Interesting how a 22% jump in imports causes the markets to fear a slowdown. Guess it's all about perspective, but seriously all the reports focus on the % of increase versus the raw numbers. Actually can't even find a report that compares the raw numbers though the exports were supposedly a record.
China markets dropped nearly 3% today so it had a huge impact on the markets, but was it really warranted. The markets never seem to under that slower growth is still growth. Slower growth still requires more copper, iron ore, coal, and oil then last year.
- Traders said the weak July import numbers in China dealt a blow to investor confidence because soft demand for inbound goods and services could have negative implications for the global recovery. China's exports grew 38.1% in July from a year earlier, down from June's 43.9% rise, and imports rose 22.7%, slowing from June's 34.1% increase. While imports rose for the ninth consecutive month, the increase was below the 30.2% median increase forecast by economists.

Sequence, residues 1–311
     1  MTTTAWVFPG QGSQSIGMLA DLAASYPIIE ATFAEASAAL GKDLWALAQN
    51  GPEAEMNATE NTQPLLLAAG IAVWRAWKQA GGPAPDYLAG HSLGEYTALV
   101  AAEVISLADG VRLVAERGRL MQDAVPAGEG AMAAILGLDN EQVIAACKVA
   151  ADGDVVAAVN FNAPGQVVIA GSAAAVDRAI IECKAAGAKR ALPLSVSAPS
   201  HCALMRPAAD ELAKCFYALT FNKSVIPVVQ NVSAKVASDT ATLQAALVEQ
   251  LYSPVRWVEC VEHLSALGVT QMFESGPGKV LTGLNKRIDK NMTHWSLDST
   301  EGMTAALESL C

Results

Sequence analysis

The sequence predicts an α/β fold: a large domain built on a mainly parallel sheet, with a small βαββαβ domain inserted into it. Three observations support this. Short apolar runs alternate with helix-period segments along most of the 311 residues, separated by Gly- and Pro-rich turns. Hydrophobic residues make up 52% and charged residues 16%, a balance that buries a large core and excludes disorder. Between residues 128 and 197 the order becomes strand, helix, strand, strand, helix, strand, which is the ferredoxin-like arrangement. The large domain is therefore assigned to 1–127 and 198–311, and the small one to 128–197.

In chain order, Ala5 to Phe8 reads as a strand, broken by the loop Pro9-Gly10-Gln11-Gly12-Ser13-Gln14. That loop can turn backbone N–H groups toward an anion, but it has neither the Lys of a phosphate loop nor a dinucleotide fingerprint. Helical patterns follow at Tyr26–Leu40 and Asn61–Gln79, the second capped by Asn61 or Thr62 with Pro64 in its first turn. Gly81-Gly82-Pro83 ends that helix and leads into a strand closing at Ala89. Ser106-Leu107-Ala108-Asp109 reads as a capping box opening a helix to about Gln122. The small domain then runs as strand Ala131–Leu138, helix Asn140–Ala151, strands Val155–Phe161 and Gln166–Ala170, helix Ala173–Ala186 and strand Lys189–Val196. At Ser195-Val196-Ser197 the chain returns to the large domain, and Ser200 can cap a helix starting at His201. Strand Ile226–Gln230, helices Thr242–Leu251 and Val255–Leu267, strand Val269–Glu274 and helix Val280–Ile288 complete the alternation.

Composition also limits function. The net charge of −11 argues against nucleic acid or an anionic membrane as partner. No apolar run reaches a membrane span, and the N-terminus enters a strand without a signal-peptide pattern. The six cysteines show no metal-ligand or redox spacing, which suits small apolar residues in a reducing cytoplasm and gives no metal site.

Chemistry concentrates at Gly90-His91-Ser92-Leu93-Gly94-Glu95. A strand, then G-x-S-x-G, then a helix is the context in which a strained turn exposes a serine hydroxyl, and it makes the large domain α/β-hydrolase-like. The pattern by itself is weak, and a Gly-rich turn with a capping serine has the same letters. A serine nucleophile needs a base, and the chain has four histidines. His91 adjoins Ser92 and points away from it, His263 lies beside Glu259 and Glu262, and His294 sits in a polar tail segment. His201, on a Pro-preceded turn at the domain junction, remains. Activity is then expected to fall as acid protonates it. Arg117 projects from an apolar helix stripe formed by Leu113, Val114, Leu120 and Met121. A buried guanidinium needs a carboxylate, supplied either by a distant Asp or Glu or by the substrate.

Interesting comments from the Norfolk Southern CEO regarding a continual increase in shipments. Steel making isn't slowing down and coal shipments remain steady. Today's drop and fears about a double dip all seem like major over reactions.
Buy the dip is likely the best course from here. Markets are over reacting to solid growth numbers from China. As usual they sweat the little stuff and miss the big picture.